Where can I use my Mobility Scooter
There have been changes to the UK laws in November 2006, in regard to class3 mobility scooters, but it is quite difficult to find up to date information.
In general terms mobility scooters can be driven with care on public pathways and pavements and the larger scooters, the ones that go at 8 miles per hour, are legally allowed on the roads. However, driving your scooter on public roads should be avoided wherever possible.
There are some obligations and restrictions as to where you can you use your mobility scooter.
CLASS 2 MOBILITY SCOOTERS
These scooters can legally travel up to 4mph (6.4kph) on pavements and are allowed on the road to cross from one to the other.
Essentially, this allows you to drive anywhere you are permitted to travel on foot.
The Class 2 category includes any 4 mph mobility and travel scooters.
Powered wheelchairs and scooters - intended for footway use only with a maximum speed of 4mph and an unladen weight not exceeding 113.4kgs. These are not required to be registered with DVLA.
CLASS 3 MOBILITY SCOOTERS
Class 3 category vehicles tend to be larger, than those found in Class 2, and can be driven on the roads where they can travel up to a speed of 8mph (12.8kph).
Most class 3-mobility scooters have two speed settings, usually changed by a switch so it is usually possible to drive at 4mph (6.4 kph) and switch to 8mph (12.8kph).
An 4mph maximum speed is permitted on the pavement or footpath.
An 8mph maximum speed is permitted only on the road. Not for use on the pavement or footpath.
You do not require a driving license to use a Class 3 vehicle but you should obey the Highway Code at all times, including complying with relevant eyesight requirements and not driving under the influence of alcohol, drugs etc.
Class 3 vehicles are not allowed on motorways, bicycle tracks or bus/cycle lanes. Although legally allowed on dual carriageways, with a compliant size, flashing beacon - this is probably not an ideal nor safe choice.
The vehicle must legally have certain construction features, including:
* a maximum unladen weight of 150 kg (330 Ibs);
* a maximum width of 0.85 metres (2'9');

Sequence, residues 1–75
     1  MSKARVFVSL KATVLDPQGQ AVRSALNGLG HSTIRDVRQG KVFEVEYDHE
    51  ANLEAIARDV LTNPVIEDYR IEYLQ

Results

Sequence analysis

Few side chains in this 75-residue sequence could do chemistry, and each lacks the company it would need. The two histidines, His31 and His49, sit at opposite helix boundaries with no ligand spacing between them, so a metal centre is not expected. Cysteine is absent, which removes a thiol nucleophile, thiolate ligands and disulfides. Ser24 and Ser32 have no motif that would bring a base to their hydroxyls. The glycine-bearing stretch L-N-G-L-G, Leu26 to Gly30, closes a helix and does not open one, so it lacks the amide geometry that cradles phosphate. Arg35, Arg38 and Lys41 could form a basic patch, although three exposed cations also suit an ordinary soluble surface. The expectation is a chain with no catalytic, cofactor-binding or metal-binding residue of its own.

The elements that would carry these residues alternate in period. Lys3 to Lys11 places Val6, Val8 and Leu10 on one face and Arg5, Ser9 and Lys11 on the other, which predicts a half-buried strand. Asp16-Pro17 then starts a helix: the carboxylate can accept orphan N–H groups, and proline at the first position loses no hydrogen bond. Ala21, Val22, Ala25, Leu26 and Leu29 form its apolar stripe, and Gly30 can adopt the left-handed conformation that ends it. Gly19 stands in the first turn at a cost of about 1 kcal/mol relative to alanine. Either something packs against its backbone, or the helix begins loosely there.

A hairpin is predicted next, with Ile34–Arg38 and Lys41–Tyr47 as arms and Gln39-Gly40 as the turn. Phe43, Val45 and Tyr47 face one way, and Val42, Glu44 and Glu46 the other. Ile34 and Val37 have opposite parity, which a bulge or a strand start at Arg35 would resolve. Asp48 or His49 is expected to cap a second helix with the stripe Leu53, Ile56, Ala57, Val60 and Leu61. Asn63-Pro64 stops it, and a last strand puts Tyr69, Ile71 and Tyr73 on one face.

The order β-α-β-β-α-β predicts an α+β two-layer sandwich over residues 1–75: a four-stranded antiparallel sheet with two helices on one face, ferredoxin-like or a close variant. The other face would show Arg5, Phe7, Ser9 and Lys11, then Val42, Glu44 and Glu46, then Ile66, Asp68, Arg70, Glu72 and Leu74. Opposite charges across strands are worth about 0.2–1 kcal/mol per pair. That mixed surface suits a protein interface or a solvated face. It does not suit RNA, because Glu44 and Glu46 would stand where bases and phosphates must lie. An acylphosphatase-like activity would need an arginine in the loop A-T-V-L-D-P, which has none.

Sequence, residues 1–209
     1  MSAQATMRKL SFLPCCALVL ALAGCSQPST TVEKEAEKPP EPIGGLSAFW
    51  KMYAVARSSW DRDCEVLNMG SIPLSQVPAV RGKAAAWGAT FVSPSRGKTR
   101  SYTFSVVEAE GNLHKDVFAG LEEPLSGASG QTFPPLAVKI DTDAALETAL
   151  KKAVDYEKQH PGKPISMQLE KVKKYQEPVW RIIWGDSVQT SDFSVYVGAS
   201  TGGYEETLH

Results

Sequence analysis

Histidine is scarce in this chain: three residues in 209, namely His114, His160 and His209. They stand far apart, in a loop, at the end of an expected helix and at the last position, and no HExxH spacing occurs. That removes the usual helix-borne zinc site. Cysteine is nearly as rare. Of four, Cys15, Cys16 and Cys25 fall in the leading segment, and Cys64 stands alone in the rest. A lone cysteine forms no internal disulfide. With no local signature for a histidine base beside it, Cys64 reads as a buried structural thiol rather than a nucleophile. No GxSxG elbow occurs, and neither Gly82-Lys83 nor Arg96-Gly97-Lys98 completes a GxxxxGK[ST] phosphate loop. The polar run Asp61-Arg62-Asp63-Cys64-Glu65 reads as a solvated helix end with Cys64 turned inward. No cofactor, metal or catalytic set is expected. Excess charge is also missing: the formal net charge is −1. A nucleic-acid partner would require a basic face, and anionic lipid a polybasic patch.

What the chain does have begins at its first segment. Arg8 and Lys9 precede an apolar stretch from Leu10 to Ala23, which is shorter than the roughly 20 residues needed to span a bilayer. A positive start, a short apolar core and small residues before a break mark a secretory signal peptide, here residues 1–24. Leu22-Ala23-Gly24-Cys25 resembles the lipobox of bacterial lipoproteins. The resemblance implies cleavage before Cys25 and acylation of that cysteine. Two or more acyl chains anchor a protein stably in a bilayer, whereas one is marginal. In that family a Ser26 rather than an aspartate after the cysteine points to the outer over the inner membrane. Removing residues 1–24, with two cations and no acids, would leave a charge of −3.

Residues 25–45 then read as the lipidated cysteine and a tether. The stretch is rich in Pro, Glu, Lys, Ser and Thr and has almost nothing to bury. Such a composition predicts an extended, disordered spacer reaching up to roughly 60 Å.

* a device to limit its speed to 6.4 kmph (4 mph);
* a maximum speed of 12.8 kmph (8 mph);
* an efficient braking system;
* front and rear lights and reflectors, and direction indicator which are able to operate as a hazard warning signal;
* an audible warning instrument (horn);
* a rear view mirror;
* an amber flashing light if a 4-wheeled vehicle is used on a dual carriageway.
* If these conditions are not met, you are liable to prosecution by the police.
A flashing beacon can be used when driving on the road to warn other road users of their presence, and must be used when driving on dual carriageways.
These are now required to be registered with DVLA.
Class 3 invalid carriages need to be registered for road use, be licensed in the 'disabled' taxation class and display a nil duty tax disc.
Unlike ordinary cars, invalid carriages do not need to provide evidence of VED exemption when licensing in the disabled class.
Also, they are exempt from paying the first registration fee and are not required to display registration plates.
In order to register and license a class 3 invalid carriage the user will need to complete form V55/5 (for used vehicles) or V55/4 (for new vehicles) - and take or send it to their nearest DVLA local office (addresses can be found on the website at www.direct.gov.uk/motoring
or in the V100 information leaflet which is available from post offices that issue tax discs or by telephoning 0870 243 0444 - you will need to quote your postcode). Evidence of the vehicle's age (if available) will need to be submitted with the application together with documentation confirming the keeper's name and address.
Do I need insurance for my mobility scooter?
At the moment you are not legally required to have insurance for driving your scooter on the road.
However, it would be a sensible precaution to take out an insurance policy to cover your mobility scooter against accidental damage, theft and third party liability, in case of damage or injury to someone else or their property.